by Rev. Bruce Barkhauer, Minister for Faith and Giving
What, exactly, does it mean that the General Assembly unanimously voted to accept the Stewardship Study Document (GA-1732)? Actually, that depends on you. The document itself becomes a historical marker for how we Disciples (those voting in the Assembly) think biblically and theologically about stewardship and what we believe are the indications for our faith as we move deeper into the 21st Century. Beyond that, the document simply lives in the pages of the 2017 docket; unless you, the church, choose to engage it.
The document is available in five languages (Spanish, French, Korean, French-Creole, and English) and it is meant to be read and discussed within every manifestation of the church.
It serves as a broad examination of the biblical materials that relate to the topic of stewardship, with an intent that the church become conversant with these fundamental understandings. It further provides a theological perspective which is intended to encourage dialogue and conversation within the church about what stewardship is, and what it means to be a steward as an individual, a community of faith, and as a part of God’s wondrous creation.
We recognize that not everyone will share the same conclusions/assumptions of the document. That is acceptable, since unity of opinion on how to be a steward in a singular way is not the primary goal. Our objective is to better define what a steward is. We trust that the church in its wisdom will discover what a steward does in the unique contexts in which individuals and communities of faith are located.
While the document is certainly accessible in its current form, we are pleased to announce that a curriculum team is beginning to write materials based on this document. This will be graded material for elementary, middle and high school, as well as adult study resources that can be adapted for multiple use for everything from Sunday school and small group study to VBS and summer camp. We want to make it easy to use the information and we recognize that having a developed curriculum available might help move this deeper into our shared life together.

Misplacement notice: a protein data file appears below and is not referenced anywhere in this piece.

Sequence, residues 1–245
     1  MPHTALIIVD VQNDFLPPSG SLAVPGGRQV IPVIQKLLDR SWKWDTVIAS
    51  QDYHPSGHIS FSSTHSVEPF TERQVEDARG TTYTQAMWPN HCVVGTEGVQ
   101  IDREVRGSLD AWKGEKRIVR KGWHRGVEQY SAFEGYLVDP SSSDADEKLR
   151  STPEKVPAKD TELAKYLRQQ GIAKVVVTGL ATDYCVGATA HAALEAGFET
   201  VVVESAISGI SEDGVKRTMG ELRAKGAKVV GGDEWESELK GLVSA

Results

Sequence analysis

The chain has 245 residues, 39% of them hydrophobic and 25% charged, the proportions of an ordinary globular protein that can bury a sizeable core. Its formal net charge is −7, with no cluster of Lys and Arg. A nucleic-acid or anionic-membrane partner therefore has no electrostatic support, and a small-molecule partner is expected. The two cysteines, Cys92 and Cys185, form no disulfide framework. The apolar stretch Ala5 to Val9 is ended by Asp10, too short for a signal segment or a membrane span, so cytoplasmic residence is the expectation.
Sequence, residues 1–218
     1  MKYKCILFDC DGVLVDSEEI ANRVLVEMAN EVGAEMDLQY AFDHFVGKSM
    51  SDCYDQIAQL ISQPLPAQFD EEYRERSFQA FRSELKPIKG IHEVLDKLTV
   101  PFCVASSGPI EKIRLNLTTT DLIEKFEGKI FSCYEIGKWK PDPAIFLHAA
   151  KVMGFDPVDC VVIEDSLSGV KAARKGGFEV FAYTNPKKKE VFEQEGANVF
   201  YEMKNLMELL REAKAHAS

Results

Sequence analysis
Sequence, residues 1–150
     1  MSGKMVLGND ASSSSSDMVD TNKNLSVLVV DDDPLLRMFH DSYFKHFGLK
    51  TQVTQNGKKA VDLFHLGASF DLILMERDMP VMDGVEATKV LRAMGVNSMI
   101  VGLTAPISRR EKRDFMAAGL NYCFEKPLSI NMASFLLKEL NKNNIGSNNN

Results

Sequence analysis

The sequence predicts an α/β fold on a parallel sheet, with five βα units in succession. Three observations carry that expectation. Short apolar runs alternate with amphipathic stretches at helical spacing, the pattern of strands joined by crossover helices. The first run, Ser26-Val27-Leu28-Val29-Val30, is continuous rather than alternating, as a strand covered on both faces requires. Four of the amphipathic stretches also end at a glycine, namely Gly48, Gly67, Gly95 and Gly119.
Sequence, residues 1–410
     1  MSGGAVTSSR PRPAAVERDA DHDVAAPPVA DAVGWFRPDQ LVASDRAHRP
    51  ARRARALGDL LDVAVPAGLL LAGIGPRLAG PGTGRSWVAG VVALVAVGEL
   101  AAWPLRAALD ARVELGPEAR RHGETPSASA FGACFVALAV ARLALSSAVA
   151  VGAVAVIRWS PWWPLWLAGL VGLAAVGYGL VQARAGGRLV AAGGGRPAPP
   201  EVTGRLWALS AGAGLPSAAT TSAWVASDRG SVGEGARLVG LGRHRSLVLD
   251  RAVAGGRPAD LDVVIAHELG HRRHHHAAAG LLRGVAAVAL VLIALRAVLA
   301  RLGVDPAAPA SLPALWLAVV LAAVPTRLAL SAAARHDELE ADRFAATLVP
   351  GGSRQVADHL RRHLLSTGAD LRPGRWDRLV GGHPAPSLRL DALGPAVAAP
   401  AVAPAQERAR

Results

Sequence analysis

The major points to know about this document are:
- We understand stewardship as a spiritual discipline, not fundraising
- Stewardship encompasses the totality of our lives
- It is about faithful response to what we have already received from the generosity of God
- There is enough – the provision of God is abundant – it is the human mismanagement of resources that has produced scarcity and created anxiety
- Where stewardship is practiced, it is inherent to the presence of justice; where it is absent, injustice frequently prevails
- Stewardship, faithfully practiced, is transformative – both for individuals and for organizations
- Necessary resources for mission and ministry come from congregations and impact the whole church’s ability to fulfill our common vision. We are in this together.
- We can’t be church without the practice of generosity
The document is not intended to be the complete, final authority on stewardship. It is meant to be a starting place for a conversation that church needs to have and one we need to begin now. We encourage you to access the document, to spend some time with its concepts, to share and discuss its ideas and implications, and (if appropriate for your context) utilize the curriculum when it becomes available in the spring of 2018.